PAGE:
Rock was not expected to live this long but thanks to the exceptional and loving veterinary care provided by Melanie and Julie, today Rock is doing what he loves most, enjoying the green grass in the fullness of spring.

His legs are strong again, he is enjoying his food and making his rounds in the garden and woods he has spent a lifetime exploring. At night, when he sleeps beside me, he presses his cheek next to mine and purrs with deep contentment. I know he is expressing his gratitude for all that I do to keep him feeling his best. Those moments are so poignant. For 18 years now my Rachmaninoff has been my best writing companion, soulful friend and the little boy I always wanted. Against all odds he has made it farther than anyone expected. I am mindful that these are the sweetest days.

These Are the Days, by Natalie Merchant and 10,000 Maniacs, on old favorite, seems like a perfect birthday song for Rock. Click here to listen.

Monday, May 4, 2009

Rock and Stone

After a catmint session Rock is stoned.

This post concludes my brief series on stone begun April 24th with, appropriately enough, a Rock. I like this photo, taken in July 2008, because it has three of my favorite things, Rock, my Maine Coon cat (aka Rachmaninoff), fieldstone and Walker’s Low catmint.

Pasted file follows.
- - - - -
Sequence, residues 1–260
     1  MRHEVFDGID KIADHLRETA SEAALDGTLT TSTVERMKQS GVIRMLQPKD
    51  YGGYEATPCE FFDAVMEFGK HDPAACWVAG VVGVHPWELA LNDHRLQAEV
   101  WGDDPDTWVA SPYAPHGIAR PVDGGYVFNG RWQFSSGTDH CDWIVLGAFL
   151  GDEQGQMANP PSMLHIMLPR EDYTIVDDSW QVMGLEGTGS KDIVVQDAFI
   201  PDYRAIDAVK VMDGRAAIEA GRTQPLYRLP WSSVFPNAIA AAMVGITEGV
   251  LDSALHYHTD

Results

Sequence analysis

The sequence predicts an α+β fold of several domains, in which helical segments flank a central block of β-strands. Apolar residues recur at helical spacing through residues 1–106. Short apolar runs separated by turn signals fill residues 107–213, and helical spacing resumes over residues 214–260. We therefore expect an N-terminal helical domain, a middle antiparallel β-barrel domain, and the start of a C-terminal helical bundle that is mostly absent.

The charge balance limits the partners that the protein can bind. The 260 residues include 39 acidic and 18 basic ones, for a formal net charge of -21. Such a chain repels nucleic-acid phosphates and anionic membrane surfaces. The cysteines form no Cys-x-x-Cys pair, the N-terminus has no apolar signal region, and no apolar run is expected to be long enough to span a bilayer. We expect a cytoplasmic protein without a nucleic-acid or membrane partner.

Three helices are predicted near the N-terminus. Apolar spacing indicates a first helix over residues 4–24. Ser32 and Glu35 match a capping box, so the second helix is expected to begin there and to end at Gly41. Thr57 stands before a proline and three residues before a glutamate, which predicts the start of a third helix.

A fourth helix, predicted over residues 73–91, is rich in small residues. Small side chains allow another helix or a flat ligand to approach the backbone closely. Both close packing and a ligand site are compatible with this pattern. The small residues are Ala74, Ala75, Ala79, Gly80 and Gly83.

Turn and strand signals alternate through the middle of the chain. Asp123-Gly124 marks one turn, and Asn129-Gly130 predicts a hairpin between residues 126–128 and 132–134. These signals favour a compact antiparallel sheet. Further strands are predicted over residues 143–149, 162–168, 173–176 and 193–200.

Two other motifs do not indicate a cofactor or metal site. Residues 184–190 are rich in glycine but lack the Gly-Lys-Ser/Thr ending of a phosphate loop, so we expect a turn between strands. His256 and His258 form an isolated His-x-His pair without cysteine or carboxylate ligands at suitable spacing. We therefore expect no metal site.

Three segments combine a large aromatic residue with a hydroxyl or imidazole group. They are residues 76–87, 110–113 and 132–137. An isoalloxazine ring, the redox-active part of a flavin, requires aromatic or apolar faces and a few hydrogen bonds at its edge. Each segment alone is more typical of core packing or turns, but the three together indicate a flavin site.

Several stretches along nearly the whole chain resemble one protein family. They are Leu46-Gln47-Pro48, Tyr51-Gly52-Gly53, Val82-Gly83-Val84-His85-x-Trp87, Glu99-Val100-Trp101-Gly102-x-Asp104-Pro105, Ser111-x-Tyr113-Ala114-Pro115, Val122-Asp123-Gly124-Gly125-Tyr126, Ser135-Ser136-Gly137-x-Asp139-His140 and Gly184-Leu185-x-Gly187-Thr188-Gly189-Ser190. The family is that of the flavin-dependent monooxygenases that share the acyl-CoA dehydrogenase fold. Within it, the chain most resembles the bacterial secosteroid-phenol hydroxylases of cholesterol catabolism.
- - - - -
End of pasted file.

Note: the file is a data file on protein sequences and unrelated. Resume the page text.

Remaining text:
On hot summer afternoons Rock can often be found lying on the fieldstone patio, enjoying a hit of catmint. He bats at the leaves to release the oils, writhes in ecstasy and then settles down for a nap on the cool stone.

Saturday, May 2, 2009

Art of Stone, Heart of Stone

Stone is totally natural and blends effortlessly into any setting.

Dry stone masonry is a centuries' old art.

This post continues a brief series about stone.

“It's hard to believe a massive rock wall could have any heart in it, but that's exactly what binds a dry stone wall together, says English born expert stone mason John Shaw-Rimmington ― and he isn't speaking metaphorically. "The rock chips, pebbles and fragments that are packed into the spaces between larger stones are called 'hearting' and they're what hold a wall up," he explains.

Though it takes a lifetime to master the art of stone masonry, Shaw-Rimmington claims he can teach anyone the basics in just two days. "A person just has to love the material, and be able to think like a stone," he jokes.

Friday, May 1, 2009


This post continues a brief series I began on April 24th entitled, Stoned.

Okay, I'm sorry, but when I look at this stone wall, that’s all I think of ― The Flintstones. Crazy, but true. It could be some hard-wired primal thing, or maybe I was Queen of a Cro Magnon cave city in a past life, but something is up for sure because, and I'm not kidding, I just had lunch with a guy who looked an awful lot like Barney Rubble, and I haven't thought about him in ages.

If I was asked to look at these stones, arranged as they are in this wall, and free associate, I know exactly what I would say.

Yabba Dabba Doo.

And no, I’m not stoned, just a little whacked out from a long work week.